Optimized for the PlayStation Vita hardware, WipEout 2048 bears all the hallmarks of the first game on the original PlayStation some 17 years ago, yet it combines the familiar concept of futuristic, high-speed anti-gravity races with some modern-day innovations that help bring it crashing into this new era in handheld gaming with some style.
Taking place in the year 2048 at the birth of ballistics racing, the action on the track and the regular control scheme will be instantly familiar to long-term fans. However, SCE Studio Liverpool has rejuvenated the series by putting much more emphasis on aggression and competitiveness, while furnishing us, yet again, with a stunning neon-lit world and a pulsating soundtrack that compliments the high speeds in which players hurtle around the tracks.
Racing on the streets of the multi-tiered city of Nova State, which has been beautifully rendered with its cascading tracks, sneaky short-cuts and futuristic architecture, the campaign mode follows five teams of racers who take part in the Anti-Gravity Racing Championships.
Experience points are earned in each race for anything from doing a barrel roll to successfully navigating across a speed boost pad. That in turn allows players to rise up the ranks and unlock more ships and more events. Reach the higher ranks and players get access to events - that only experts will master - and prototype ships, experimental variants of the main ship types that can be devastating in the right hands.
Though the campaign merely consists of one race after another, the diverse tracks and the variety of events, which you can pick and choose from, keep the action feeling fresh. The courses are varied too and range in difficulty so there’s plenty of challenge to be had out of learning where all the speed and weapon pads are located and mastering every twist and turn.
Players can earn ‘Passes’ by simply completing the main objective, perhaps finishing in the top five in a race, or earn an ‘Elite’ pass for acing an event, which gives them double XP and the ability to rise through the ranks more quickly, as well as get their name on the global leaderboards.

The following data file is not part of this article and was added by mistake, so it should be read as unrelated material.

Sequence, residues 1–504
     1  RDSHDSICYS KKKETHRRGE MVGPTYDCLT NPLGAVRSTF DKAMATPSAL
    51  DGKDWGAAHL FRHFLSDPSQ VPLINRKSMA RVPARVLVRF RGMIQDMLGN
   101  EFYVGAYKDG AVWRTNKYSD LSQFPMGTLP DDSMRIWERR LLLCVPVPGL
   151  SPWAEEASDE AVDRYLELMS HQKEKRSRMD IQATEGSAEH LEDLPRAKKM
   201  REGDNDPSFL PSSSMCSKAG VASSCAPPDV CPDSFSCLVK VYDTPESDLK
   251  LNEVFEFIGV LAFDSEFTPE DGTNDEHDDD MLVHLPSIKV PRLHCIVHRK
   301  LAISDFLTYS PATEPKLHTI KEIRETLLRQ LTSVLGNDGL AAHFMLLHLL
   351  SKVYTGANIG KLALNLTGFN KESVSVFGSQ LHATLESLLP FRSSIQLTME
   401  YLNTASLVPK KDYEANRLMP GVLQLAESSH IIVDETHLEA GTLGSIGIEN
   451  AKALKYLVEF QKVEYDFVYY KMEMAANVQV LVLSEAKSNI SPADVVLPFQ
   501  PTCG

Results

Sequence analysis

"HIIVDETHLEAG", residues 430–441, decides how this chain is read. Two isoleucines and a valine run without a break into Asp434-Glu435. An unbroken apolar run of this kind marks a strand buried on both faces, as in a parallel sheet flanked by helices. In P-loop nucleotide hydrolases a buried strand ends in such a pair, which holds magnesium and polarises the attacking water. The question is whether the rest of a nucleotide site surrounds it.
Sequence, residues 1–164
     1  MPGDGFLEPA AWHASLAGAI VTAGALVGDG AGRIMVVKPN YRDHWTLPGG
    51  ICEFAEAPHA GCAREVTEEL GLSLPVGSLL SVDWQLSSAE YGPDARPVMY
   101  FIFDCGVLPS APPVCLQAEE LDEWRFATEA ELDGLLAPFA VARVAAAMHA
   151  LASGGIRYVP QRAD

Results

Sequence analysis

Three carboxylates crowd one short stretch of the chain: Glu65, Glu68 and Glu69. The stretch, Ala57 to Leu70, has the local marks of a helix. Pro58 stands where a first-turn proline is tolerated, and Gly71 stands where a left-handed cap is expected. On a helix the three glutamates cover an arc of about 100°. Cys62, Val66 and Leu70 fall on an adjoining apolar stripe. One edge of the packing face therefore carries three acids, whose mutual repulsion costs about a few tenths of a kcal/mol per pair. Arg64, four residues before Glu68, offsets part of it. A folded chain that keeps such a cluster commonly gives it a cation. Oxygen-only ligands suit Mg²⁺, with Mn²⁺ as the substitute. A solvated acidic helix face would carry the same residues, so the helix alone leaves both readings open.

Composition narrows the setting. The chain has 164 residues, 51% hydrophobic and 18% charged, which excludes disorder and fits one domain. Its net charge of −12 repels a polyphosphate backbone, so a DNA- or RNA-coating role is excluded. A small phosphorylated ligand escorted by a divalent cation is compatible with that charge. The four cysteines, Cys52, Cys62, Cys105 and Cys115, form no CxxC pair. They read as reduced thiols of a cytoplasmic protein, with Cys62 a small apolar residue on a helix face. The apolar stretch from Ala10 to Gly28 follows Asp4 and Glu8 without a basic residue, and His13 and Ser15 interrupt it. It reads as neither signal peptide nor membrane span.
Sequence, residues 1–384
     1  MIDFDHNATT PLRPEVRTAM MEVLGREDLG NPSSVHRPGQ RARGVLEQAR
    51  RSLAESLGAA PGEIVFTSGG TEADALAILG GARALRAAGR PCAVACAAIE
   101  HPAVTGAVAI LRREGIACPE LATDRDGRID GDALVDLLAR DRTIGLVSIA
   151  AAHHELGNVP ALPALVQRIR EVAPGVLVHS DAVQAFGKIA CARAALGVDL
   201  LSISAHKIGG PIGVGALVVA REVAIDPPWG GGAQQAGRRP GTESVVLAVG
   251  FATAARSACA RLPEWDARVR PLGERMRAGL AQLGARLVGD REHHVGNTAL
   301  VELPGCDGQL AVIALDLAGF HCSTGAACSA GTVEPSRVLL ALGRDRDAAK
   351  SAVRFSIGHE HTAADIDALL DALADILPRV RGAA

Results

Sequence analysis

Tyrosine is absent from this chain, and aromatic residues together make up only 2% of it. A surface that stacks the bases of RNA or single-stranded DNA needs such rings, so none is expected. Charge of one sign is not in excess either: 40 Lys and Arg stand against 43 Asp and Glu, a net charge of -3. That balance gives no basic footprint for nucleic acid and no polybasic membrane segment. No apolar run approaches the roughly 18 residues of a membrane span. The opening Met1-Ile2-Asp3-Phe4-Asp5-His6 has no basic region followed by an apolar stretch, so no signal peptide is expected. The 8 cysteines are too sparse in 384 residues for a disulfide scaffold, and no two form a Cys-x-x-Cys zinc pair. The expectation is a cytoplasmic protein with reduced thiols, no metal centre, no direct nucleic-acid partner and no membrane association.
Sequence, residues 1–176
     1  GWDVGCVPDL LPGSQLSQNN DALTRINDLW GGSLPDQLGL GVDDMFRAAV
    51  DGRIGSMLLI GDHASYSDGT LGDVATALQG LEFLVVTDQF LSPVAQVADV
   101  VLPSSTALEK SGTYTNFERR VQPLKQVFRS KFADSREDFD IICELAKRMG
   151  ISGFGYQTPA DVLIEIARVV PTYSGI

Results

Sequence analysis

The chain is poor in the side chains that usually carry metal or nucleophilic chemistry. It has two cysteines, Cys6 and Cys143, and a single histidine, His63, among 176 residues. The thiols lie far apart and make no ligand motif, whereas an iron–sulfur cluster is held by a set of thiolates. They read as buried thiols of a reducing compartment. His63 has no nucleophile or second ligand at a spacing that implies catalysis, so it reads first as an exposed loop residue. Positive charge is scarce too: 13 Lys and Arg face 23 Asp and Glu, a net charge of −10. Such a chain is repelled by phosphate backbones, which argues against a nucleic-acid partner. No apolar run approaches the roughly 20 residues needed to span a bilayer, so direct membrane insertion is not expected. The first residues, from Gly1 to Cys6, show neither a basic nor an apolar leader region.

With three ship types on offer, each sporting five attributes which pits them as either an agility, speed, or fighter craft, players will soon choose their favourite ride, but the campaign switches gameplay up nicely by offering a variety of different event types that encourages players to experiment.
Alongside standard race events, where players are encourage to out-speed and out-smart opponents, there are also combat events, with the aim of destroying rival ships, zone events, with the idea being that players need to survive as long as possible on a track without smashing their craft to pieces on the course. There are also standard time trials.
On the track, familiar game features, such as barrel rolls, ramp jumps and air-braking around tight corners, feel timeless and just as exciting as ever, while the control scheme is extremely intuitive. Having the prominent analog sticks of Vita to control the pitch of the ships and guide them around the tracks brings it more in line with the console experience and makes maneuvering craft more streamlined than the superb WipEout Pulse on PSP.
Vita offers a few control methods, and though most players will probably stick to the analog stick for steering, bumpers for air-braking and action buttons for absorbing and firing pick-ups, the ‘tilt and turn’ controls work extremely well too. While the rear touchpad can be used to thrust, players can tilt the screen to move around the track and tap on icons on screen to absorb and fire pick-ups.
During the races there’s plenty to think about. Driving aids are split up into two distinct offensive and defensive classes. These power-ups are colour-coded on the track and feature the likes of cannons and mines, shields and autopilot, as well as returning favourites such as the Plasma and Quake. This allows players to think strategically and adapt their tactics on the fly, perhaps opting for defensive power-ups when at the front of the pack, and offensive weapons when playing catch-up.
And thinking about when to unleash power-ups is crucially important because the A.I. in WipEout 2048 is extremely aggressive. One wrong turn, a miss of a speed boost, or ill-judged corner can throw players from the front to the back of the pack in a split second. Consequently, it’s quite a punishing campaign mode, particularly in the mid-to-latter stages. While hardcore WipEout fans will relish the challenge, ‘noobs’ may well get frustrated.
Away from the single player campaign, WipEout looks to really excel in multiplayer, which we haven’t played due to servers being offline at time of writing. A news channel, adhoc and cross-platform play, and an online mode with 20 campaign levels should really serve the WipEout community very well. The whole game seems geared around competition and even before players start a single player campaign event they’re reminded of the highest scores on the global leaderboards.
Despite the long loading times (typically 50 seconds before each track) and the excruciating learning curve for non-pros, WipEout 2048 offers a tactically exciting, rewarding and challenge campaign mode with some gloriously-designed tracks and nice variety of events. Without testing the online campaign mode, it’s difficult to rate it, but it certainly looks set-up to offer some of the most intense and competitive WipEout racing to date.
-The Final Word-
This is WipEout at its best, with sweet visuals, a heart-racing soundtrack and high-octane racing, plus a socially-competitive edge